Yesterday’s original, today’s survivor

Old Cars Weekly archive – July 17, 2008 issue

Treasured 1970 Chevelle SS 454 has 16,000 miles

Story and photos by John Gunnell

In days gone by, this 16,000-mile untouched 1970 Chevelle SS 454 would probably have been referred to as an original or unrestored car. Today, the more specific term “Survivor” has been coined to help collectors assess condition.

If you like original cars, you may have heard that the organizers of Bloomington Gold expanded their Survivor class this year to cover all makes and models of cars and trucks, rather than just Corvettes. Survivors are vehicles at least 20 years old that are judged to be more than 50 percent unrestored. Their finish and condition are good enough to allow them to be used as a reference for the authentic restoration of a similar vehicle. 

The 1970 Chevelle SS 454 shown here has never been restored and has just 16,000 miles, making it a great example of a survivor. In addition to its great condition, this car has almost all the goodies. This car left the factory with the Z15 — or SS 454 — option, which includes bright engine accents, dual exhausts with bright tips, power front disc brakes, a black grille, wheel opening moldings, a special rear bumper with a resilient black insert, a special domed hood, a heavy-duty suspension, 14×7-inch sport wheels and F70x14 wide-oval white lettered tires. It has a Turbo Hydra-Matic with a column shift and a bench-style front seat. Some enthusiasts might prefer bucket seats and a four-speed gearbox but, like we said, the car is original all the way and it is how it was ordered.

Under its hood is the hot LS6 454-cid/450-hp V-8. This was a true “muscle car” engine featuring four-bolt main bearings, nodular iron bearing caps, heavy-duty connecting rods, big-diameter exhaust valves and a solid-lifter camshaft.

This SS 454 retains most of its original green paint, an original white vinyl interior and all of its original drivetrain components. The car is documented with four factory build sheets and its original Protect-O-Plate. This is an embossed plate that dealers made up to track warranty work. It carries information about the car that matches the details of the actual vehicle. The car also has a completely documented chain of ownership and comes with all titles issued to it. The original owner is still available to answer questions about the car.

As has long been the case in the old-car hobby, stampings and markings are important to document a rare car. This number is found on the frame of Steve Bimbi’s 1970 Chevelle SS 454.

Despite lacking a few typical muscle car extras, the car was sold with a number of other rare options, such as the ZL2 Cowl Induction system, a factory tachometer, gauge package, 3.31:1 Posi-traction rear axle and a sport steering wheel. The car was shown at the Chevy Vette Fest/Rick Nelson LS6 display in Rosemont, Ill., where it earned a Silver Spinner Award.

Original factory-placed production line markings show up all over the car. The frame has the inspection number “532” stamped on it. There are other factory numbers marked on the sheet metal and other under-hood components. The alternator is stamped with a CZ/4 code that proves it to be the original. Markings like these were made by assembly line workers and inspectors and usually wear off with age. Sometimes, restorers research them and replace them. According to the car’s current dealer owner, the markings of the Chevelle are original.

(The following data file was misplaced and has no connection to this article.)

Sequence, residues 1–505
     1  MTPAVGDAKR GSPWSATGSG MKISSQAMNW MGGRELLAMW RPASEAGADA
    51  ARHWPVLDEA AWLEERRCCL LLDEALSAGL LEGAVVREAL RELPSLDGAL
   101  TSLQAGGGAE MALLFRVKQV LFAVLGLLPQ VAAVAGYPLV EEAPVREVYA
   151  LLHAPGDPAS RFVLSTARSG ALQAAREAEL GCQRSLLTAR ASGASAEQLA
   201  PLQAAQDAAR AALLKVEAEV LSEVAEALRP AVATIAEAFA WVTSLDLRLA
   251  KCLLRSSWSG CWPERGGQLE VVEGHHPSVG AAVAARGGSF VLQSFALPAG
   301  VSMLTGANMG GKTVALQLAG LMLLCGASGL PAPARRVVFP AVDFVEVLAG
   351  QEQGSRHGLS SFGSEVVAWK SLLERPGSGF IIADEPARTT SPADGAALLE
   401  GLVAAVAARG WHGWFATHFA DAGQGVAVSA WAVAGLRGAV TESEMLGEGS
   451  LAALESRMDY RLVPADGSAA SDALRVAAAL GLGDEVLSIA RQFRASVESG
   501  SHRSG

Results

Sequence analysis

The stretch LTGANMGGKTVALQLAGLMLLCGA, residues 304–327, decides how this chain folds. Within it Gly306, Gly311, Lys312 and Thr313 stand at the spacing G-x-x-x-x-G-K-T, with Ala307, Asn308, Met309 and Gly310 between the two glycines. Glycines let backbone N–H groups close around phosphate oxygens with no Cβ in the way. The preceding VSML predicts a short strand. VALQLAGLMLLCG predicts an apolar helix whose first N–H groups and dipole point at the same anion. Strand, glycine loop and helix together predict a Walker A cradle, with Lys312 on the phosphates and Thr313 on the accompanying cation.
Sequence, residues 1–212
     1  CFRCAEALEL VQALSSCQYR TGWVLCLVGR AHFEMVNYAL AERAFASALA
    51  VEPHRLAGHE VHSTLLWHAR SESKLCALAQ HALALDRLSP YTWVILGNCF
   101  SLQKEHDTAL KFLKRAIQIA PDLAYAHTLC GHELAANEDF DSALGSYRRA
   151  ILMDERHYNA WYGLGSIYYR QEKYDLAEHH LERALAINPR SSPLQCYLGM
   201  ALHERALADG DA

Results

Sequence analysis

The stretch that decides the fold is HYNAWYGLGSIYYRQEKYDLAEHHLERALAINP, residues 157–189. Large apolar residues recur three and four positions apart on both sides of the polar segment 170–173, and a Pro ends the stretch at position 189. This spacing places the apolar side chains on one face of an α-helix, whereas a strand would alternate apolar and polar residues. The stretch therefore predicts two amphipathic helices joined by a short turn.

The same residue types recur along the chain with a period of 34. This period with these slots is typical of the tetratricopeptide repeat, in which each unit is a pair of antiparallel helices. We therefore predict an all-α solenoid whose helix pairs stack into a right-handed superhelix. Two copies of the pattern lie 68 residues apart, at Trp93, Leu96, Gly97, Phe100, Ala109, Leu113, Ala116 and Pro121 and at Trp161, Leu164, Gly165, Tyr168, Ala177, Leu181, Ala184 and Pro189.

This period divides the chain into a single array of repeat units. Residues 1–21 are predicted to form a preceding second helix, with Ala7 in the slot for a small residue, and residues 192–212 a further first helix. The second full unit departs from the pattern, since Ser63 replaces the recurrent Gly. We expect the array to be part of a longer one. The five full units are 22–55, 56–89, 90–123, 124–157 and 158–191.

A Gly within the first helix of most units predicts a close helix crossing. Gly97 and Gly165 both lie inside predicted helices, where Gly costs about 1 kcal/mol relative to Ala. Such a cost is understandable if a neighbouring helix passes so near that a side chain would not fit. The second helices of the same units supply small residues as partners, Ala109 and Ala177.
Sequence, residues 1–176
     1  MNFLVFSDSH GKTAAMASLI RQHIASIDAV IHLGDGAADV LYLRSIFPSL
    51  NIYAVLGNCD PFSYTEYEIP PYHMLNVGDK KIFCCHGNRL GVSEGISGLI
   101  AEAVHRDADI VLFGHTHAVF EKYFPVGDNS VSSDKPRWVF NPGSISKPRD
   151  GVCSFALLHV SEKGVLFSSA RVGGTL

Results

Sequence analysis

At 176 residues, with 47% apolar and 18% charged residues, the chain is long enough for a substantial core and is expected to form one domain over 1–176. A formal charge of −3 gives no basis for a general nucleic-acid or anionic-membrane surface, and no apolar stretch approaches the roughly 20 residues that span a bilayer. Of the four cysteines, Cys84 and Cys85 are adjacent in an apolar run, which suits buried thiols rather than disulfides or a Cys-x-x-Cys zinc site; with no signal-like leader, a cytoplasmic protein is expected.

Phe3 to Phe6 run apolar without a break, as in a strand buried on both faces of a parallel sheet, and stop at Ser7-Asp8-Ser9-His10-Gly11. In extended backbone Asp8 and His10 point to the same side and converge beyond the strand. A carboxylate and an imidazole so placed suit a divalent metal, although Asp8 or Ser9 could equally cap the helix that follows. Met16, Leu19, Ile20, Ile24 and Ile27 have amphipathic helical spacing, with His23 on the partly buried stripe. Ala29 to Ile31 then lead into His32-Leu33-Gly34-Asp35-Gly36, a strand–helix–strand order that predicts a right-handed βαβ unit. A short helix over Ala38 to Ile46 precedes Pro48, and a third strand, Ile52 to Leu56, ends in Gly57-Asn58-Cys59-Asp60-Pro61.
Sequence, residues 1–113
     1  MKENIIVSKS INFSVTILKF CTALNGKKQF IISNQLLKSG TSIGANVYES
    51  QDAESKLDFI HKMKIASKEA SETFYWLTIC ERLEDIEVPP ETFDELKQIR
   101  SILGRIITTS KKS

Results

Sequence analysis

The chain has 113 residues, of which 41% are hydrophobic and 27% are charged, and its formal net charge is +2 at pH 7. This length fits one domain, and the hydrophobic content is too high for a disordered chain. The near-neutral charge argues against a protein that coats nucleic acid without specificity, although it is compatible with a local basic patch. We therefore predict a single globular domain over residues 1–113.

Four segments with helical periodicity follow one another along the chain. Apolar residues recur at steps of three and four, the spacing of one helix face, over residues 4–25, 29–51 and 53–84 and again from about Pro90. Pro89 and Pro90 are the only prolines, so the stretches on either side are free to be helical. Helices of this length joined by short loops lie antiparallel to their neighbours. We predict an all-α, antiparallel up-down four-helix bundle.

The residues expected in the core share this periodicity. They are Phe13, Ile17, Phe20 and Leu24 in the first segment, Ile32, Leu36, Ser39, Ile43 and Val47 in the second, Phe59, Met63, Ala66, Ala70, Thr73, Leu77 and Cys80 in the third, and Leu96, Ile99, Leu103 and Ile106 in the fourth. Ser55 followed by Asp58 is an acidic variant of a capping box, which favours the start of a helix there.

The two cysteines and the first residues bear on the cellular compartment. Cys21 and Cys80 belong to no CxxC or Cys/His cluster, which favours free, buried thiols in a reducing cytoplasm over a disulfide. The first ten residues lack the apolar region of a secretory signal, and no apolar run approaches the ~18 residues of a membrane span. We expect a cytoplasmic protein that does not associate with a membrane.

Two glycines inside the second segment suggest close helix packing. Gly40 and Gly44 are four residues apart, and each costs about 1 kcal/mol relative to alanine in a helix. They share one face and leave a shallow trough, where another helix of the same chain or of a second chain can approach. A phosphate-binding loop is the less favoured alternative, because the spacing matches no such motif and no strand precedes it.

Bimbi’s unrestored Chevelle still retains its original alternator, which carries the CZ4 code. The presence of a stamped code such as this is important in an authentic restoration

The car still has the correct type of power steering hoses with factory fittings, which is another sign that nothing was changed under the hood. The loop-type handle on the engine oil dipstick still has a telltale dab of factory yellow paint on its end. Some under-hood and frame areas show slight surface rust, because the car has not been touched up. While not detailed, the engine looks practically new, other than rust on the exhaust manifolds and a few other mechanical parts.

Owner Steve Bimbi, of Nickey Chicago, pointed out numbers stamped on the trunk lip that verify this car was built with a Chevelle hardtop body. Steve also showed us a factory flaw. During the car’s assembly, a line worker left a piece of weld wire in a corner of the trunk near a welded seam. When the car was spray painted, the paint went right over the welding wire. Steve said this was an “original error” that you don’t see on perfectly restored Chevelles.

Here, Steve Bimbi, of Nickey Chicago, points to markings on the original weatherstrip on the trunk opening. The car’s decklid also has a stamping on it that verifies the body style of the car.

All of the door stickers on the SS 454 show what collectors call “matching numbers.” In other words, the VIN on the door tag is the same one on the Fisher Body tag and on documentation, such as the Protect-O-Plate. Under the never-touched trunk lid is an original (not reproduction) factory sticker that cautions the owner about the correct procedure for jacking a car with a Posi-traction rear axle. There is also a jacking instructions sticker and spare tire stowing label. The flawless light gray textured trunk mat came with the car when it left the factory.

As a dealer who specializes in selling choice muscle cars, Bimbi believes that top-notch “Survivor” cars, such as this SS 454, are “worth two to three times what normal cars are worth.” It’s hard to argue.


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